Four in 10 Americans are afraid that there will be a large outbreak of Ebola in their country, an alarmingly high number considering that the CDC assures the virus “does not pose a significant threat to the U.S. public.” Being prepared for a disaster is important, but when fear becomes more dangerous than the actual threat, there’s a problem. As the Ebola virus continues to spread through West Africa, Ebola hysteria gets a stronger grip on America.

In a survey conducted by the independent research company SSRS, in partnership with Harvard University, it was revealed that nearly 40 percent of Americans worry that a member of their immediate family will become sick with Ebola sometime in the next year. As we have been told repetitively by health professionals, the threat of Ebola to the U.S., or any other country outside of Africa, is extremely low. “There’s no cause for panic,” Harvard Humanitarian Initiative Director Michael VanRooyen explained in the Harvard Gazette. “We have experts who understand the spread of this virus and how to protect the public from it.”

Still, the panic continues to ensue and so do the false alarms. According to Forbes, there have been 68 U.S. Ebola scares in the past three weeks, none of which proved to be real.

The mass Ebola hysteria in the Western world is greatly fueled by the media. According to Mother Jones, the news has greatly focused on the Ebola’s gruesome symptoms and the ever-increasing death toll without touching much on the reason for the unprecedented West African outbreak. Liberia, the country hardest hit by the epidemic, has the second fewest physicians per person on the entire planet, coming after only Tanzania, The Wall Street Journal reported. Add that to the people’s widespread fear of authority, 42 percent of the population being illiterate and not capable of reading UN health posters, and a severe lack of basic health supplies, such as rubber gloves, and it’s easy to see why this Ebola outbreak has hit Liberia so hard.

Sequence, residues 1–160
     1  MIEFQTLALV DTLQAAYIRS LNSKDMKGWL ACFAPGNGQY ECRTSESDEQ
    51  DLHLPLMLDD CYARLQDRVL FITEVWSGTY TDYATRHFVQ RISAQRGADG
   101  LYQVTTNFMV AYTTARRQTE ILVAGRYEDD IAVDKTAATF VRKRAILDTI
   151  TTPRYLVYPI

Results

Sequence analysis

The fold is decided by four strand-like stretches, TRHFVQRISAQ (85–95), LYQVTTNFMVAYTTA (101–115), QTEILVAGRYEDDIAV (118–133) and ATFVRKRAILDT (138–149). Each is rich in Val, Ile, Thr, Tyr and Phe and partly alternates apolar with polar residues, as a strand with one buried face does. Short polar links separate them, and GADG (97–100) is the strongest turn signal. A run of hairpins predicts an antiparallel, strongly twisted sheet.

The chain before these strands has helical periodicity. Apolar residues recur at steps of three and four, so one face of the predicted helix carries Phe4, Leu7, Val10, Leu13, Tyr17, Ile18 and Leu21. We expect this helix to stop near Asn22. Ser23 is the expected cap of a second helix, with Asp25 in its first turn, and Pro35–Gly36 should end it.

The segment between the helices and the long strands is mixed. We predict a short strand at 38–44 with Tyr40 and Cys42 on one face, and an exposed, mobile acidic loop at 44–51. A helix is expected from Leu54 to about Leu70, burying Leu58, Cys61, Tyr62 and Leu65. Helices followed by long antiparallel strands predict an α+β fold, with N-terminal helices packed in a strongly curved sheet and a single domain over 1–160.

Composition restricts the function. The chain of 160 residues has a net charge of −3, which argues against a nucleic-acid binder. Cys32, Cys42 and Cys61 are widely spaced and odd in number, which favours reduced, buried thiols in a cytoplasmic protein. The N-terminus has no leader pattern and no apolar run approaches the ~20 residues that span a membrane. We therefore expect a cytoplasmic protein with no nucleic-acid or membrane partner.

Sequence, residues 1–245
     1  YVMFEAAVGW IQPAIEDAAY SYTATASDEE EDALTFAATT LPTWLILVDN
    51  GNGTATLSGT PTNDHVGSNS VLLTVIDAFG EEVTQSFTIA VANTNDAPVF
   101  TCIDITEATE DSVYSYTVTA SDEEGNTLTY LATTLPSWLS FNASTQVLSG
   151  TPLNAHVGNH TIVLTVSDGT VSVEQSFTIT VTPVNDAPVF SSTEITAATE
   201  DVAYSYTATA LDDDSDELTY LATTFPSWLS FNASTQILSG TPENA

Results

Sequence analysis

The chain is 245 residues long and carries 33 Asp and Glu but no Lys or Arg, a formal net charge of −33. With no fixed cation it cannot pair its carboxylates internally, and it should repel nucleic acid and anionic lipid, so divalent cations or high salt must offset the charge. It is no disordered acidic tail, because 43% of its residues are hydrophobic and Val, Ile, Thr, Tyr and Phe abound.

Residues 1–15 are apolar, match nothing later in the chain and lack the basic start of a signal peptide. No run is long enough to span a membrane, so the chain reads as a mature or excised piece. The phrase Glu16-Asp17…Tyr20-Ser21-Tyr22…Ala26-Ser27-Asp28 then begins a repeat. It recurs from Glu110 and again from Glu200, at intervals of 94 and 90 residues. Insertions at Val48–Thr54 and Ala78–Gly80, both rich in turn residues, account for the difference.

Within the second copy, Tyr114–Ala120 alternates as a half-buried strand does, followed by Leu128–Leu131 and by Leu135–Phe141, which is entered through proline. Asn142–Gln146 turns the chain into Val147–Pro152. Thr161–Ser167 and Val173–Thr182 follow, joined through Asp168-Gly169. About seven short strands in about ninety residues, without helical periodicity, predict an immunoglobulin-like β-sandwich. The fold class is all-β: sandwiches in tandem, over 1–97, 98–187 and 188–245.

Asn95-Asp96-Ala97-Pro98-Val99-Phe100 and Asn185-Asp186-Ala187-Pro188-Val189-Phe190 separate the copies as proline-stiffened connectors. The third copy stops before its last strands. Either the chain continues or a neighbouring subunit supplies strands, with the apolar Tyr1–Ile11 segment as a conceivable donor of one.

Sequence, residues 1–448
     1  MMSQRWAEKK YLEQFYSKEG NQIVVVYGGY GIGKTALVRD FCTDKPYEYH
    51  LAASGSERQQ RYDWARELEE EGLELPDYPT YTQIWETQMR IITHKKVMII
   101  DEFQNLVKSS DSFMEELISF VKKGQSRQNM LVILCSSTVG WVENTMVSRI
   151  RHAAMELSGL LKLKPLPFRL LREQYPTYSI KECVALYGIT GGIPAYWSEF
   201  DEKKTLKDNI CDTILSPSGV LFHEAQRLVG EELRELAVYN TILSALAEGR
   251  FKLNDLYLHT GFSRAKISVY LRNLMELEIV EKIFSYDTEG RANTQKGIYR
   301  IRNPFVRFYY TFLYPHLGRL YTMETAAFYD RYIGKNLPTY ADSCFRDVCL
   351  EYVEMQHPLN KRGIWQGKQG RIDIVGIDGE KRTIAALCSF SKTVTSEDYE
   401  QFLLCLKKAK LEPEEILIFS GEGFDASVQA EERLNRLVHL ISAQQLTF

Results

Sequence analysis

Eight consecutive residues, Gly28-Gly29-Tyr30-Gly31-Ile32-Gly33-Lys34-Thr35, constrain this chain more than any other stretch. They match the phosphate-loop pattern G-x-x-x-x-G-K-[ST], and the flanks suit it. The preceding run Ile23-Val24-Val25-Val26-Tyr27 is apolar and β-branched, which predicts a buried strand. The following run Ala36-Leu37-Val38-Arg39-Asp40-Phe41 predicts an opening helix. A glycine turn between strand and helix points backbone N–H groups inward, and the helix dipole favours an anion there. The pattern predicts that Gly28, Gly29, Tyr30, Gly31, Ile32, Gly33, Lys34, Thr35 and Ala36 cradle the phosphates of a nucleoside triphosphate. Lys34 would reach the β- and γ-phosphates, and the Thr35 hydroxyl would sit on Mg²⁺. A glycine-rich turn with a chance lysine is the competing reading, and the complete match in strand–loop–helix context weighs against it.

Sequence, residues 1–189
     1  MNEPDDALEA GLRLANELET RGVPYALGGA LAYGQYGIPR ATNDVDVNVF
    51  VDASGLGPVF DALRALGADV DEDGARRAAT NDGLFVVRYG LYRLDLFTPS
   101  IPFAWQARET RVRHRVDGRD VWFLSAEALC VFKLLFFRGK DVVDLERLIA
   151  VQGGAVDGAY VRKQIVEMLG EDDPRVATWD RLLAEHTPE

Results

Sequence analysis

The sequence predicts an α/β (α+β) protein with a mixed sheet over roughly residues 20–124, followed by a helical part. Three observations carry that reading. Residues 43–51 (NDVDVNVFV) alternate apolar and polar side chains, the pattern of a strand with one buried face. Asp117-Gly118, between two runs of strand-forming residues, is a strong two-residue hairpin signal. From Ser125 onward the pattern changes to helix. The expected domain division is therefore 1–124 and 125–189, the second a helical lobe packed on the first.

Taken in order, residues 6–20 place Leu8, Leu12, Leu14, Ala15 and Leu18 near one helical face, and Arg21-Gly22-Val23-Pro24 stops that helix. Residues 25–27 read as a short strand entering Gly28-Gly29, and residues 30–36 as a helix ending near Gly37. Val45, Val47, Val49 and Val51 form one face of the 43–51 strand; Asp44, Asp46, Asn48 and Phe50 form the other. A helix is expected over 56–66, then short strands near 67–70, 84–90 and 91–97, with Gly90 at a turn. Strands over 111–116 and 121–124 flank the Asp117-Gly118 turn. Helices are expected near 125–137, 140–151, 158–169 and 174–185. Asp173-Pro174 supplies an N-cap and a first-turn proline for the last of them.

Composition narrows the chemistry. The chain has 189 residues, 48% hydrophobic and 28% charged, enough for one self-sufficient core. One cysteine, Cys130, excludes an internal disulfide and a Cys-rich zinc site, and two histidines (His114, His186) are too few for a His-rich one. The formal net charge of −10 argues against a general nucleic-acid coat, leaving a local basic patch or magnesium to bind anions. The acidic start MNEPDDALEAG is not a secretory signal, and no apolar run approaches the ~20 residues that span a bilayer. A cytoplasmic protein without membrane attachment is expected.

A second probable propellant of Ebola hysteria is the sheer lack of understanding of the virus and its symptoms. Of the 1,025 adult Americans polled, 68 percent believed that Ebola spread “easily.” Ebola is a horrific disease, but it’s not as easy to spread as one might think. Rather than being airborne, like SARS, or spread through infected mosquitoes, such as the West Nile, an individual would have to come into direct contact with bodily fluids of a visibly infected person. Also, a third of those polled also seemed to believed that there is “an effective medicine to treat people with Ebola,” most probably referring to the recently popular experimental ZMapp serum that no health professional has ever referred to as a “cure.”

What is arguably one of the worst outcomes of Ebola hysteria is the increase in Ebola-fueled racism. Due to the increased fears of viral outbreak, individuals with African features throughout the world are prompting extreme health precautions. In Germany, a black woman fainting in a meeting caused the closing down of a business building and quarantine of 600 workers. When a black man had a nosebleed in a shopping mall in Brussels, he was immediately sent to the hospital and the entire store was subsequently sterilized. In Italy this year, African students needed to supply supplemental health certificates before starting school, a requirement not necessary for children of other ethnicities.

"We need to be prudent without being paranoid,” said Italy’s health minister, Beatrice Lorenzin, advice that all citizens of the world should take.